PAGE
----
(update dos : Kansas State 41, Texas 21. I suppose it would be considered good news that McCoy returned in the 2nd half, but his 4 INT’s on the day have directly led to 20 Wildcats points. In addition, Texas’ special teams allowed a 2nd quarter 85 yard kick return TD to James Johnson, followed by an 89 yard punt return TD by Jordy Nelson.)
(kind of related update : Colorado 27, Oklahoma 24. Even Willie Randolph can’t believe the Sooners blew a 24-7 halftime lead. It isn’t even October and we can already rule out a National Champion emerging from the Big 12).
An otherwise enthralling Kansas State/Texas game is going to have to wait. Or rather, I’m gonna have to wait to leave the house. Despite Fox’s assbackwards national blackout, through the auspices of Gameday Audio I’ve been following the Fish/Mets matinee, in which the not-quite-dead hosts hold a commanding 11-0 lead. Lastings Milledge, playing his first game in 8 days, has a pair of home runs, and starter John Maine has 13 K’s without allowing a hit through 7 innings.
I think most of us (other than say, Orioles fans) might agree there would be considerable satisfaction in seeing the pitcher who was swapped for Anna Benson throw the first no-hitter in the Mets’ 45 year history.
During a miserable week in which poise and professionalism have been in short supply, it’s kind of amazing no Mets were ejected over the course of two bench clearing incidents in the 5th inning.
There’s no score yet at CBP between the Nationals and Phillies, mostly because the game won’t start for another 10 minutes.
The late Gene Mauch suggests that Maine be made available for long relief tomorrow, when and if Tom Glavine runs into trouble.
(UPDATE : Mets 12, Marlins 0, last of the 8th. After striking out Mike Jacobs and inducing Jason Wood to line out to Carlos Gomez, Maine’s no-hit bid was broken up by Paul Hoover’s infield single. Maine, as you might expect, is receving a wild ovation upon being pulled for Willie Collazo. Presumably, the Mets’ pen can hold a 12 run lead. Though after the last few weeks, perhaps we shouldn’t take anything for granted).
Gene Mauch’s 1964 Philadelphia Phillies had a 6 1/2 game lead in the National League with 12 to play. They proceeded to lose 10 straight and were passed by eventual World Series victors St. Louis. If none of that sounds familiar, the Philadelphia Inquirer’s Sam Carchidi — the “fuckin’ retard” of Brett Myers fame — tracks down a few members of that doomed ballclub, looking for quotes about the ’07 New York Mets. (link swiped from Repoz and Baseball Think Factory)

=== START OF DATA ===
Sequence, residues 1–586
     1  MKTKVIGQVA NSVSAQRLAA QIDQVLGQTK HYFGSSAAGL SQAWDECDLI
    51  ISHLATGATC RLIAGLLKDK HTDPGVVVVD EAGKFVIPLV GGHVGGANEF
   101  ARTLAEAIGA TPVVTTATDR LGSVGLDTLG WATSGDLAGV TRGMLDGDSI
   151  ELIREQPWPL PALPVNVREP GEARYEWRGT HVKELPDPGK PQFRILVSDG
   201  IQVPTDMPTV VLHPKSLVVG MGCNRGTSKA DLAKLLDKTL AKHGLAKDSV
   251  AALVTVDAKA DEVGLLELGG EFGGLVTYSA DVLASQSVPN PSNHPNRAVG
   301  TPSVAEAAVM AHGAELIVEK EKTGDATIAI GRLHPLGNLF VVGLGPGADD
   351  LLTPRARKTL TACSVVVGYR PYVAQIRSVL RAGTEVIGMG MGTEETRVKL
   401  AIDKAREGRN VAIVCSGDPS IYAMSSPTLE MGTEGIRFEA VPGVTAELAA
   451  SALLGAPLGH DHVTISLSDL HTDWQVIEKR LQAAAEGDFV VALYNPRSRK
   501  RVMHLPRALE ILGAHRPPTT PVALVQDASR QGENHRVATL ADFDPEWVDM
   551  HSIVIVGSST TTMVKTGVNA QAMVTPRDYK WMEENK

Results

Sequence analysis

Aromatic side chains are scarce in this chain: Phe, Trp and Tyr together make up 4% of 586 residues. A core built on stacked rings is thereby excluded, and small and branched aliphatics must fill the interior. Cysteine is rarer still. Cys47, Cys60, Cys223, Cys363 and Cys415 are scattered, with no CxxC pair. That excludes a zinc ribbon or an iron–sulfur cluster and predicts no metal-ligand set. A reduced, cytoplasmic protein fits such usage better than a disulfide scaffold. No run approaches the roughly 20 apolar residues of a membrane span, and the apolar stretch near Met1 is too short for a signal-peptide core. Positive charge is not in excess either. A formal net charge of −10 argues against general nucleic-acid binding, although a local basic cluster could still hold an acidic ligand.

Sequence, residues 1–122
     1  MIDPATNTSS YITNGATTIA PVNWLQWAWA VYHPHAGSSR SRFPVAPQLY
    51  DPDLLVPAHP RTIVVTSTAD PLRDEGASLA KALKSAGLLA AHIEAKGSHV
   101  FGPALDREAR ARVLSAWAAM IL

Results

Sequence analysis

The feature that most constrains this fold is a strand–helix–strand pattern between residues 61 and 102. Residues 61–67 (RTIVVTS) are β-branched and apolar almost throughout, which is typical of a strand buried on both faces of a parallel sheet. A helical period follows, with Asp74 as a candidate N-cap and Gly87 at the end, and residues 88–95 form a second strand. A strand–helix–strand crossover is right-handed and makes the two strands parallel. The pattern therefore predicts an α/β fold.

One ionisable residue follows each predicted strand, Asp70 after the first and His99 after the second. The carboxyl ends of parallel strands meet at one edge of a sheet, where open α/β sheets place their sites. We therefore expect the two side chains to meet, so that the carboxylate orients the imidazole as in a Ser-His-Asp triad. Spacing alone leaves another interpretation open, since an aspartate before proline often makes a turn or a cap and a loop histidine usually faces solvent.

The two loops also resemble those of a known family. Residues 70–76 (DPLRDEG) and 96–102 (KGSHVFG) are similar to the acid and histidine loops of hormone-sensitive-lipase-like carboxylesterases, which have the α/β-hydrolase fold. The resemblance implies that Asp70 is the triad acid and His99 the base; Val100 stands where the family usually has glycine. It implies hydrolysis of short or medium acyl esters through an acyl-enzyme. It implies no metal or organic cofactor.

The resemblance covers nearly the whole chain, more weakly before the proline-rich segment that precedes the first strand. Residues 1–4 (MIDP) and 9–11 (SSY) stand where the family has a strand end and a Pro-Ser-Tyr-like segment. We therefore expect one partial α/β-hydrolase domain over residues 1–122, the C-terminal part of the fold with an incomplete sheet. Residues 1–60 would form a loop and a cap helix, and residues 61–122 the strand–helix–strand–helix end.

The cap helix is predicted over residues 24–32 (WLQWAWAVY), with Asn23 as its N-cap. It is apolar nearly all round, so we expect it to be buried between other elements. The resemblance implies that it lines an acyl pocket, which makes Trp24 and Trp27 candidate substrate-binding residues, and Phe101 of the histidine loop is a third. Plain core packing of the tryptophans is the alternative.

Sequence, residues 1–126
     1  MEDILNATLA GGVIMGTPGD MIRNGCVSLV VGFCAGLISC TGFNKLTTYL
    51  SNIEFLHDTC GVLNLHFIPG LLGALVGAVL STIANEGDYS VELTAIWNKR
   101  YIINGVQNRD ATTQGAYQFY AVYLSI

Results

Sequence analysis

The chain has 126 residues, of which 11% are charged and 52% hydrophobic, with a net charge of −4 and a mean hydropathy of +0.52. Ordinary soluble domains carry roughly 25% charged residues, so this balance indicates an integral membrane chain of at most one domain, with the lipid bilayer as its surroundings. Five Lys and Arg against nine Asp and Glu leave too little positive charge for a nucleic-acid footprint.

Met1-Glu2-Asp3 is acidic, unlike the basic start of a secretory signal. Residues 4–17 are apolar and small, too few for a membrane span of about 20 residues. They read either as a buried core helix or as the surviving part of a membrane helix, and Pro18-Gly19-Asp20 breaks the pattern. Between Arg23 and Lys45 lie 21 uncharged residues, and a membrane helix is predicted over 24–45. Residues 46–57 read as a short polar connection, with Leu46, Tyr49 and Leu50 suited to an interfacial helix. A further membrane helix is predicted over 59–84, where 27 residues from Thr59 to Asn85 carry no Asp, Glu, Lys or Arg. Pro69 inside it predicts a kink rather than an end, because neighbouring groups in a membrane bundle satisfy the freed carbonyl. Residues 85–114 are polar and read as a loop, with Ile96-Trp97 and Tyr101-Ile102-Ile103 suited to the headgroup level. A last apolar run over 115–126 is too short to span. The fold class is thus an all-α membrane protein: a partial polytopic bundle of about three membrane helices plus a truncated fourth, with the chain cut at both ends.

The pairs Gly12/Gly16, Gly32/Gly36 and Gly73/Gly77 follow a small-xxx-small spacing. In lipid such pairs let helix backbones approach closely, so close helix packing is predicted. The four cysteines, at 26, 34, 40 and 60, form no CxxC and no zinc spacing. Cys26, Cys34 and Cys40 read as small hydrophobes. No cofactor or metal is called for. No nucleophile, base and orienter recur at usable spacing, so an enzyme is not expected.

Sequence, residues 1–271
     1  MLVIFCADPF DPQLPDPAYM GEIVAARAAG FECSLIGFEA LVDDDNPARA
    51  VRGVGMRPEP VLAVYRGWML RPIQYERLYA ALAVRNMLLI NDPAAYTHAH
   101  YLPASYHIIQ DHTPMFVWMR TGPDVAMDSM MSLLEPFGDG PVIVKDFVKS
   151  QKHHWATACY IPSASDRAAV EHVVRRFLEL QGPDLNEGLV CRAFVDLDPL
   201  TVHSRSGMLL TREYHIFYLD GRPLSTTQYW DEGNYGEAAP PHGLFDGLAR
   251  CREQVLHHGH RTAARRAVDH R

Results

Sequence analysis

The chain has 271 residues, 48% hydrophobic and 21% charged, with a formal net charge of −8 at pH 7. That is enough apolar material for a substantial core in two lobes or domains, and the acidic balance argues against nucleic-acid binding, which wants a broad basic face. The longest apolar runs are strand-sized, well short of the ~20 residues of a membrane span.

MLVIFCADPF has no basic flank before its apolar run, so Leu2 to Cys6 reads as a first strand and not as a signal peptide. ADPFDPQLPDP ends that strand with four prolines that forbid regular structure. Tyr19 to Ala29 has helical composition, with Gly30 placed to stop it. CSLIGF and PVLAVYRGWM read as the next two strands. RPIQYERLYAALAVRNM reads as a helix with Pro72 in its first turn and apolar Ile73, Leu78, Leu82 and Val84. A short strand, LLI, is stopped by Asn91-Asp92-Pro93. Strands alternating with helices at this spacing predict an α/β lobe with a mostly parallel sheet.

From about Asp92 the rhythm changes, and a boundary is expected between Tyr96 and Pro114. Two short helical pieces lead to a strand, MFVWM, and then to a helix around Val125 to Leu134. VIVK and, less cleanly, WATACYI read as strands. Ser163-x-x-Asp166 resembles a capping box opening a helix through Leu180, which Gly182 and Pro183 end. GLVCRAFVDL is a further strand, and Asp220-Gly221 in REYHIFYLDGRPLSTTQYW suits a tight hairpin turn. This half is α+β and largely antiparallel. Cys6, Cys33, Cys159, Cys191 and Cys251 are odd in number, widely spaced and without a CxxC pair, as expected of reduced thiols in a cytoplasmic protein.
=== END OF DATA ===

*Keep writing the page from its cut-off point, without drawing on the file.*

“I feel sorry for them; they’ve been in first place the whole year,” Tony Gonzalez, a starting outfielder on the ’64 Phils, said yesterday from his home in Miami. “And there’s a chance they won’t even get the wild card.”
I was through it in ’64 and wouldn’t want it to happen to anybody else,” he said. “No matter what you do, you keep falling down. The Mets scored nine runs the other day and still lost. Their bullpen was the best in the league earlier in the year, and now they can’t get anybody out. The same funny things happened to us in ’64. . . .
“[Johnny] Callison hit three homers in a game, and we still lost. Chico Ruiz and Willie Davis stole home to beat us. In another game, Felipe Alou strikes out and reaches first on a passed ball with two outs, and then Hank Aaron hits a homer into the upper deck and beats us. I think ’64 was worse than what’s happening with the Mets because of the way we lost.”
Ray Culp, whose sore elbow kept him from pitching during the Phillies’ late-season ’64 collapse, said he “absolutely can sympathize” with the Mets, “because if they let it slip away, they’ll have some bad memories.”
“That,” said Culp, a real estate investor in Austin, Texas, “is not my most pleasant year to remember.”
Even if the Mets continue to falter, the image of the ’64 Phillies never will be erased, said Jack Baldschun, who had 21 saves for the ’64 Phillies. “I’ve always said if we had won the pennant, we wouldn’t have gotten as much press as we did for losing it.”
Dennis Bennett, who went 12-14 for the ’64 Phils, wasn’t as sympathetic to the Mets’ woes.
“I don’t feel sorry for them,” said Bennett, who owns a cocktail lounge/restaurant in Oregon. “I feel happy for the Phillies. I signed with the Phillies, so a piece of me is still with them.”
In light of this afternoon’s 3-1 home win over Newcastle, the Guardian’s Daniel Taylor is in a contrite mood towards Manchester City’s Sven-Goran Erikkson, a manager he previous characterized as “nothing more a hopeless charlatan, lining his pockets, chasing blondes and chuckling at our expense while making himself super-rich without doing anything to justify his bloated salary.”